In the late 1970s the American Jewish Joint Distribution Committee, the New York-based organization that supports Jewish life in small communities around the world, needed someone to head its office in Tehran.
Two JDC staffers told Ralph Goldman, the Joint’s executive vice president, that he should consider Michael Schneider, a social worker in London.
After a four-hour interview with Schneider, a native of South Africa who left his homeland to escape arrest for anti-apartheid activities, Goldman offered him the job in Iran.
Twenty-seven years later, when Schneider stepped down from full-time work at the JDC to become a consultant on special projects, he had served as the Joint’s country director in several countries, helped shepherd the Jewish emigration campaigns from Ethiopia and the Soviet Union, worked on other
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clandestine activities around the world and succeeded Goldman as the chief professional of the organization that bills itself as the overseas arm of the American Jewish community.
Five years after Schneider decreased his workload, he faces a challenge that will call on all the skills and contacts he developed while working at the Joint. At 68, he is the reported choice of Ronald Lauder — newly elected president of the embattled World Jewish Congress — to serve as WJC secretary general. He is expected to take up the post after being approved by the organization next month.
“Michael has been one of the best and most successful executives in the world of Jewish organizations,” said Steve Schwager, Schneider’s successor as JDC executive vice president.
Schneider, a chief executive who worked in a JDC culture that discouraged personal aggrandizement, will automatically step into the spotlight when he succeeds Stephen Herbits at the WJC.
For the last few years, Herbits and his predecessor, Israel Singer, and Lauder and his predecessor, Edgar Bronfman, were engulfed in a soap opera of accusations and counter-accusations, claims of disloyalty and rumors of financial impropriety. With the viability of the 71-year-old organization in doubt, Lauder, scion of the Estee Lauder cosmetics family, took charge of the WJC with a mandate to clean up its image and its finances.
So far, critics say, there is little sign of change.
Herbits, who earned a reputation as a combative figure, is still in place at the WJC, moonlighting as a liaison to the gay and lesbian community for Sen. Hillary Clinton’s presidential campaign. According to media reports, Herbits was responsible for the decision of Dan Mariaschin, B’nai B’rith International’s executive vice president, to decline Lauder’s offer to become WJC secretary general.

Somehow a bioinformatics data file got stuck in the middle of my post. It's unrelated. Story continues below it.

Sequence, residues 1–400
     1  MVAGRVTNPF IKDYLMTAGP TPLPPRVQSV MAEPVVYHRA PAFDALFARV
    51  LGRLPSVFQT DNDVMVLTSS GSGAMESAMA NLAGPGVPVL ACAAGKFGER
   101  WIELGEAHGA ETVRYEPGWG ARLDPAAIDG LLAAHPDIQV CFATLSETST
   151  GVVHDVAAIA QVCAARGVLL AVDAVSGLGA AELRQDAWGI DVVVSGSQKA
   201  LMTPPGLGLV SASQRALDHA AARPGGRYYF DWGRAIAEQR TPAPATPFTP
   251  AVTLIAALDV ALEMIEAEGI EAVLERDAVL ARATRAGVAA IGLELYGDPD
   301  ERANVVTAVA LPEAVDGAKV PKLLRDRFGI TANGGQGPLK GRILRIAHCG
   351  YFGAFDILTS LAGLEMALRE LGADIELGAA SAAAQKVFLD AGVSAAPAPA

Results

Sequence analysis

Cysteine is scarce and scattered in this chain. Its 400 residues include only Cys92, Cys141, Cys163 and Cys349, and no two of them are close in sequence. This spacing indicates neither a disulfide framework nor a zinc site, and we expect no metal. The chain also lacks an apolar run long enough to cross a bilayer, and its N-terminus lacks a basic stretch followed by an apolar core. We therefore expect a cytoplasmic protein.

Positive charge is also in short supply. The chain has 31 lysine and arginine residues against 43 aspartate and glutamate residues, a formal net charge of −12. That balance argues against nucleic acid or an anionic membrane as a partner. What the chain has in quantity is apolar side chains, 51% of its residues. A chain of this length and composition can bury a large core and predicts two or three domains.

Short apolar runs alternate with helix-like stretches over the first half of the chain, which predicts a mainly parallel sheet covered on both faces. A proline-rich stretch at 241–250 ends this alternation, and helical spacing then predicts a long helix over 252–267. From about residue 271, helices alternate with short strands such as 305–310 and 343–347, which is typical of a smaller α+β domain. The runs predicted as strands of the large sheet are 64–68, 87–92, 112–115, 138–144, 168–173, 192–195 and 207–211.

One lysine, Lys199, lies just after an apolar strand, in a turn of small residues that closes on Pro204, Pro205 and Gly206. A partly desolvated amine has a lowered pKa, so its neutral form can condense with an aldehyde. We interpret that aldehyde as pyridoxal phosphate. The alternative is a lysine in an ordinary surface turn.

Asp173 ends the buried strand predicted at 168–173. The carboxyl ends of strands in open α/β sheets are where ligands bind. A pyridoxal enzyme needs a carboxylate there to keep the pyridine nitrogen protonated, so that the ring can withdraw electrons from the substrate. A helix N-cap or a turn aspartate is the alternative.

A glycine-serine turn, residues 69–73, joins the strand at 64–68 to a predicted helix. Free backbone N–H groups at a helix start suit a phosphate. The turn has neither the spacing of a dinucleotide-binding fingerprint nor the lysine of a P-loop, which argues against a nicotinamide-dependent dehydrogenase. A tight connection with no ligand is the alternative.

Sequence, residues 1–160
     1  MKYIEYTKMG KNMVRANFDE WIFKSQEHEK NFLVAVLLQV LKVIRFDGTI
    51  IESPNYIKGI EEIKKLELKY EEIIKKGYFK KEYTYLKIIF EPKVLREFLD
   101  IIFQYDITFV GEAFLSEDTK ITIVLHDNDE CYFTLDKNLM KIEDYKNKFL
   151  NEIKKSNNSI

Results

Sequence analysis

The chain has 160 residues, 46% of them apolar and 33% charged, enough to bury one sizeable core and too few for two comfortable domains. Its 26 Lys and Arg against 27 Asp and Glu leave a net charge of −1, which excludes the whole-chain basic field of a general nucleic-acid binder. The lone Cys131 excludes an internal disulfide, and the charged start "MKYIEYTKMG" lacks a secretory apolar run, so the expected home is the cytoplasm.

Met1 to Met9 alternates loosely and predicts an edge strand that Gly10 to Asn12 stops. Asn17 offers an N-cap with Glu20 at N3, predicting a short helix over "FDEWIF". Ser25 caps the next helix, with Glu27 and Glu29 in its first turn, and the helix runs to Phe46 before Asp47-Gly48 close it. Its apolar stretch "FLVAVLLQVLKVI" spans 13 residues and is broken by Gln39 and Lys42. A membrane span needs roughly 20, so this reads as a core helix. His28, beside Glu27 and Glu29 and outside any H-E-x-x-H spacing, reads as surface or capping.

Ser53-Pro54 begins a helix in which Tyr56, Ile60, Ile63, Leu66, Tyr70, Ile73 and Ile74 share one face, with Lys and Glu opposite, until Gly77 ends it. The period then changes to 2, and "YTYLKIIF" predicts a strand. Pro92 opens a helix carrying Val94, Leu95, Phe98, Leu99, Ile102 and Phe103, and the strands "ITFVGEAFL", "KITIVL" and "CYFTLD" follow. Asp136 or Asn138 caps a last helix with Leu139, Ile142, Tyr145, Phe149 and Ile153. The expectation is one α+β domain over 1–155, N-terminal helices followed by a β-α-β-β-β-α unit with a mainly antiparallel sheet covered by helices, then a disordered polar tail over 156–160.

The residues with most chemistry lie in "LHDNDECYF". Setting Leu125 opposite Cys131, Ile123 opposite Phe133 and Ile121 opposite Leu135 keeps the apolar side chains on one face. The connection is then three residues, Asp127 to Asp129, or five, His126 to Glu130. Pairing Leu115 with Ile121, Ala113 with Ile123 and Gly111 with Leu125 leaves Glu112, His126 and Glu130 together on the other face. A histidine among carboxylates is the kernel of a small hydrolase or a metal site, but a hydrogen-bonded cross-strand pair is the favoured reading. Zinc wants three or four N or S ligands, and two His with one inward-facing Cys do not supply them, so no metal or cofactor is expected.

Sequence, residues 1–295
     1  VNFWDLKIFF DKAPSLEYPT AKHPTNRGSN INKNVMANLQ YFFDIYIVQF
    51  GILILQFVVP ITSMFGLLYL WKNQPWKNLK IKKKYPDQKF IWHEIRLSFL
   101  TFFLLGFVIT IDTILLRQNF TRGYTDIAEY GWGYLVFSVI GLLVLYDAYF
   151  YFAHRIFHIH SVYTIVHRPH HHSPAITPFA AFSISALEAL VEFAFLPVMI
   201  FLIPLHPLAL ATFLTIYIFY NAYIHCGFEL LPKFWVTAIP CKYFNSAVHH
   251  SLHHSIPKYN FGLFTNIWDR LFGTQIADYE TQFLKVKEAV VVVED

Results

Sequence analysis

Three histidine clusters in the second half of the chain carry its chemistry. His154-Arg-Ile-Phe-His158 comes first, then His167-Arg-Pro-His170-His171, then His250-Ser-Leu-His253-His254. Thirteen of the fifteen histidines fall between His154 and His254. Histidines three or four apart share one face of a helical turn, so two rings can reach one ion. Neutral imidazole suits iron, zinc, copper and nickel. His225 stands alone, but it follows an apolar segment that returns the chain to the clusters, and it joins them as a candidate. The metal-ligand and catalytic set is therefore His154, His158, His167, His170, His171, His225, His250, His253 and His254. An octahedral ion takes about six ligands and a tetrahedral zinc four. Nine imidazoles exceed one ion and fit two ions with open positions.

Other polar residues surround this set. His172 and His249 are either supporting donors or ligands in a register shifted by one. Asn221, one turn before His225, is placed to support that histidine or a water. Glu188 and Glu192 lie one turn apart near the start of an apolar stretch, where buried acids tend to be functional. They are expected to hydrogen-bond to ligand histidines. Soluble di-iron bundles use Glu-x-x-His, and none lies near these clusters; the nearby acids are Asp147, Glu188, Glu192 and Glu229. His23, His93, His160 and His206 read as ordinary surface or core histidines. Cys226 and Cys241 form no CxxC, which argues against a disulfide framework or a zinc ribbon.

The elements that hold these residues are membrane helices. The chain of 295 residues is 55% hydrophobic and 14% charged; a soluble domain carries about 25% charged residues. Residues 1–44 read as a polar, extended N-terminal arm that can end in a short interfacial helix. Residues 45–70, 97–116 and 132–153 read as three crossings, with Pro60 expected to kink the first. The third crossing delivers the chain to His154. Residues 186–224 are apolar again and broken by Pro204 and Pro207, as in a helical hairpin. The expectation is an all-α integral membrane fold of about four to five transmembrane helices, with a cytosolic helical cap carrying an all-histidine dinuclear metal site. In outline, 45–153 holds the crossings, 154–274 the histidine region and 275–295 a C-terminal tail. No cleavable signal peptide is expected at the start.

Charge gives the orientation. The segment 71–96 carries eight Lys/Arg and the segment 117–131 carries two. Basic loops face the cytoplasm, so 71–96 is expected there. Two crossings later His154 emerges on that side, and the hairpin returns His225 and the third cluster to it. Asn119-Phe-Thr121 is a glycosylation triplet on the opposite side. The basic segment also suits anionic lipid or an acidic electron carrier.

Isi Liebler, a former WJC vice president who was often at odds with the organization’s leadership, called Herbits’ continued association with the WJC “inexplicable.”
“Herbits was originally a key element in the cover-up of the financial irregularities and scandals which led to the moral, financial and political collapse of the WJC,” Liebler said.
Schneider, who had not officially accepted the WJC position at press time and had not returned calls for comment from The Jewish Week, has not indicated if he would remove Herbits as part of a wider housecleaning effort.
Schneider, who has served as acting CEO of the World Jewish Restitution Organization — which was established by the WJC — has worked with Lauder since the late 1980s, when the JDC and the Ronald S. Lauder Foundation, which supports the renaissance of Jewish life in Eastern Europe, jointly set up a summer camp for Jewish youth in the Hungarian countryside.
“They had a very good relationship,” said Goldman, now the Joint’s honorary executive vice president. “I can understand why Ronald sought him out.”
Goldman said Schneider has “a sensitivity for political issues,” an ability to work with people from differing and often competing backgrounds and a record of discreetness at the highest levels of foreign governments and nongovernmental organizations.
“He has an analytical mind. He has a way of communicating with people,” Goldman said.
At the Joint, Schneider worked in a spartan office with a plain desk. “I like my office to be simple,” he told an interviewer in 2000. “Who’s the head of Coca-Cola?” he would ask. He rarely heard a correct answer to the question. “But you know Coca-Cola,” he would say. “That’s how I like it” — the spotlight on the organization, not the man. “I hate cult.”
“In the JDC, we have low profiles,” Goldman said.
If Schneider takes the new post, he may not have to change his style, Goldman said. “The World Jewish Congress doesn’t always need a high profile.”
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